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Insurance companies are one of the best examples of necessary evils. Shamelessly based on making profits rather than genuinely compensating clients for the damages or risks they are insured for, yet they have received premiums religiously. Insurers are notorious for denying valid claims with no remorse.

It is that age-old conundrum: You pay for homeowners insurance to protect yourself from financial ruin, yet filing a claim when disaster does strike puts you at risk of seeing your annual premiums increase by hundreds of dollars. Worse, either a primary claim or too many claims in a given period, no matter how legitimate, could lead to losing your house’s coverage altogether.
While it can be a precise calculation to make, every time there is damage to your property or an accident on it, you need to consider carefully whether it makes financial sense to file a claim or absorb the losses yourself. The fates of your homeowners insurance and your bank account hang in the balance.

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Fortunately, experience is practice for the wise. Insurers are known to increase the annual premium after you make a claim with the reason being that the “risk” has increased. However, if they want to play games; then make sure you are the one scoring in their game. Here are some of the ways that you can win;

If the damage to your home or property is extensive, contact your insurance company immediately to file the claim. It is also a good idea to take the following steps:

  • Take pictures of the damage as soon as possible: You will need to document the damage that your home or property suffered quickly and accurately. Take plenty of images, and even walk through your home with a camcorder to paint a complete picture.
  • Take all the costs into account: When you value the claim, include the cost of materials, labor, and the value of items that you lost. Add in any money that you have to spend on alternate living arrangements, the income you lost from missing work, the money you spent on a rental car, and any other additional expenses.
  • Prevent further damage, but notify the insurance company first: If you can prevent further damage with temporary repairs by you or a contractor, then you should talk to the insurance company about what you should do. Do not take any action without advice from your insurance company.
  • This immediate prep work can make your home insurance claim process go much smoother, and reduce the chance of problems in receiving the insurance money you deserve.

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The owner needs to be the wiser to win this game. Therefore, take clear pictures of the damage immediately and include all the costs in your claim. However, the homeowner needs to stay on top of things by ensuring that the home is well maintained and that the loss or damage is covered by the policy.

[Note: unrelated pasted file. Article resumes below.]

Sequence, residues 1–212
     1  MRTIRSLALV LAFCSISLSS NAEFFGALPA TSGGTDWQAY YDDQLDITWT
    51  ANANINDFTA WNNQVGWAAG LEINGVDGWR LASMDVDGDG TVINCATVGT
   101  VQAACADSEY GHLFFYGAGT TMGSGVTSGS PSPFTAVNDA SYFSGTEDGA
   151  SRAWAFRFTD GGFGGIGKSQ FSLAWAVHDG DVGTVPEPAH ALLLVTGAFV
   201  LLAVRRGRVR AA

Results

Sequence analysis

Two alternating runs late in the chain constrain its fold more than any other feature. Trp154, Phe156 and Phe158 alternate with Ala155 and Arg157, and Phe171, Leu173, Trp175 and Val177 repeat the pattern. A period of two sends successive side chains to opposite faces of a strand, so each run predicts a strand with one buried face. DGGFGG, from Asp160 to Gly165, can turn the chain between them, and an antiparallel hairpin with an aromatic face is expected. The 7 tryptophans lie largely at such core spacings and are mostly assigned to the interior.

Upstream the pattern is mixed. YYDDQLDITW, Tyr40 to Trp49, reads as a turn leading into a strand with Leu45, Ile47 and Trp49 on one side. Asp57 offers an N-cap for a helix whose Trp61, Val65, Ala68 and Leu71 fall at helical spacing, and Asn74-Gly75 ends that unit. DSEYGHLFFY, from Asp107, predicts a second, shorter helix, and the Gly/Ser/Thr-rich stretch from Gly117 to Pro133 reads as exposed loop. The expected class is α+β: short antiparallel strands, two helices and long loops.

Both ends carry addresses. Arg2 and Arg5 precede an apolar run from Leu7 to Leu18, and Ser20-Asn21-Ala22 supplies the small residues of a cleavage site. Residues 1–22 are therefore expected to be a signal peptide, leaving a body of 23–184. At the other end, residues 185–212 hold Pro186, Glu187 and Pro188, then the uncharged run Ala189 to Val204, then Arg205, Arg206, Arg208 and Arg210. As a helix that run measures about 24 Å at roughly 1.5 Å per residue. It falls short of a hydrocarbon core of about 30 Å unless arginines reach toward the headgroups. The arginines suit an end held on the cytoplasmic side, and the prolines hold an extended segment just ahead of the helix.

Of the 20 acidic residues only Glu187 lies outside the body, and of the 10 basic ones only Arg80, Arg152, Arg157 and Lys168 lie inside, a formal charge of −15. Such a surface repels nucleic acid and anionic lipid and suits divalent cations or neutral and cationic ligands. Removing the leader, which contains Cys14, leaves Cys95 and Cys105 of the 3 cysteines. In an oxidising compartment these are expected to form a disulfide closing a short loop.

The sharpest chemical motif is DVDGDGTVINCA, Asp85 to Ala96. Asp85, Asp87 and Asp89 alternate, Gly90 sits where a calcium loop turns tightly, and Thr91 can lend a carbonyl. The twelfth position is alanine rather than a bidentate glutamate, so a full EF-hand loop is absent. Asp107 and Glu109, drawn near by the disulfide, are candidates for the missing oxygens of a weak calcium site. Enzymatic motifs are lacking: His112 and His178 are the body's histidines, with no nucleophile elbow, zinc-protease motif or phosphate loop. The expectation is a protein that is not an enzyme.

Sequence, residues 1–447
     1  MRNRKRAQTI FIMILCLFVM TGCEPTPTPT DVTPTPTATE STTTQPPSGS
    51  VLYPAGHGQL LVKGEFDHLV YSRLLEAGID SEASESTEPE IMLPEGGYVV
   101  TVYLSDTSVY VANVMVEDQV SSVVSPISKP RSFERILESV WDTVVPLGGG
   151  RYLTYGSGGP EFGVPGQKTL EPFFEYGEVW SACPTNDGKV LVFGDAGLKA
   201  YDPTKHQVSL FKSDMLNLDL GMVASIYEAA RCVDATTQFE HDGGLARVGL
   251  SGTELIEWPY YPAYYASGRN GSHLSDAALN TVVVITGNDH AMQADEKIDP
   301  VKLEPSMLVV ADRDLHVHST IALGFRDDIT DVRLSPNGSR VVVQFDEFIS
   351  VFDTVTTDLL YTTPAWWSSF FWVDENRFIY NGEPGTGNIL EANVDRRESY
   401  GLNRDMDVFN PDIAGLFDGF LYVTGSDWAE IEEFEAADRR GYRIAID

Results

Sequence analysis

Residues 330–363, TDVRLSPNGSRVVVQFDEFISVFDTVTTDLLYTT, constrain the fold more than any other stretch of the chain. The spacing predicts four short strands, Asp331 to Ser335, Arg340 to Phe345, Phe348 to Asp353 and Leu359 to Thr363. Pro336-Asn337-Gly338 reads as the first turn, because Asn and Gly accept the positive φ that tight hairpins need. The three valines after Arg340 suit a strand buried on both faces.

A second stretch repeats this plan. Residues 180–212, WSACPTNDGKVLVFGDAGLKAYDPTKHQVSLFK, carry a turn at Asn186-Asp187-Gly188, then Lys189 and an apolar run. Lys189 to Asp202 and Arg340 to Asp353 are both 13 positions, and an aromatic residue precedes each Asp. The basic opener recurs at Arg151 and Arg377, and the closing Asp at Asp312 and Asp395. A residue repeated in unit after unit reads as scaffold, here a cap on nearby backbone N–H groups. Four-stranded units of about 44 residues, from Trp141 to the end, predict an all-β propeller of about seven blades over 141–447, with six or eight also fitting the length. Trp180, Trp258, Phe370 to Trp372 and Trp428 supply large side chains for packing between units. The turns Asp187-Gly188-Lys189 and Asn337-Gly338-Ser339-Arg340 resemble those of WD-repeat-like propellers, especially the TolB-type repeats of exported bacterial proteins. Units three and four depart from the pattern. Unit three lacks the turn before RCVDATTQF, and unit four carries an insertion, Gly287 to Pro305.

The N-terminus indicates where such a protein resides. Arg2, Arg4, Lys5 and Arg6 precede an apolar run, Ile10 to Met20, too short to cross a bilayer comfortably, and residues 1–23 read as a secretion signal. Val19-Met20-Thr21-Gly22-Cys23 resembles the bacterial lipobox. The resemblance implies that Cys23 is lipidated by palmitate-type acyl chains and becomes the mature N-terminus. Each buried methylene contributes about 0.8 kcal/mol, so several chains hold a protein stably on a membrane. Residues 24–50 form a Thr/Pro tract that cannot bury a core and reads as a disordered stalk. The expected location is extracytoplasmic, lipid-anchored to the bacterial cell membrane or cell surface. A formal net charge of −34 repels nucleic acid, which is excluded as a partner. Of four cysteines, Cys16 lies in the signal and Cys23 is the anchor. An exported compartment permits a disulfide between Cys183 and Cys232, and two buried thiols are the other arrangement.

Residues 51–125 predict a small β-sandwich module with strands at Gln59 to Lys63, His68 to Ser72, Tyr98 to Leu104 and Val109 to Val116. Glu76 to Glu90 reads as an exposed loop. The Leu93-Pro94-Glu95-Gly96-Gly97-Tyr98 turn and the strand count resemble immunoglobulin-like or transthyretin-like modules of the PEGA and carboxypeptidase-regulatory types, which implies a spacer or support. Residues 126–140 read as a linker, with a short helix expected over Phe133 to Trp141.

1.Make sure you have suffered a covered loss before you file a claim. If you are not sure, re-read your policy language closely or contact your state insurance department for guidance. Otherwise, leave your insurer out of it.

2.Do not report to your insurer damage or deterioration that is not covered. Most phone calls and emails to insurance agents and adjusters are monitored and/or recorded. A slip of the tongue over the phone about the condition of your property could potentially cause a future claim denial or cause your premium to increase upon renewal.

3.If you do mention that your property needs repairs – for goodness sakes, make them! The temptation may be strong to save your money and hope for the best in this troubled economy, but this short-sighted frugality could come back to haunt you. Once word gets out about a home maintenance issue, think of the Waterston’s and start bringing those repairs to a speedy conclusion.

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One of the best things that you can do is to ensure that your property is well maintained so that the insurer has no basis of denying your claim on grounds of poor maintenance. The following are the documents you will need to make a claim;

All Claims

  • Copy of insurance policy and/or Declaration Page
  • Copies of vendor/contractor invoices, bids, payments, etc. on all repairs to date.
  • Copies of any receipt for materials that we used for temporary, emergency, and permanent repairs.
  • Copies of any correspondence with the adjuster, insurance agency, insurance company, etc.
  • Copies of any claim report prepared by any adjusters or their estimators.
  • Documents that confirm the date of the original construction, blueprints, remodeling plans, etc.
  • Adjusters contact information.
  • Agent/broker contact information.
  • Cause of Loss
  • Date of Loss

For Business Interruption Claims

  • Copies of the last three years income statements. If we had a growth trend that can be supported from the last four or five years, we will also need those financial statements.
  • Copies of the rent roll that shows occupancy trends for the last three years. Same as two above, it the rent rolls were steadily increasing during the past five years then we need all the statements.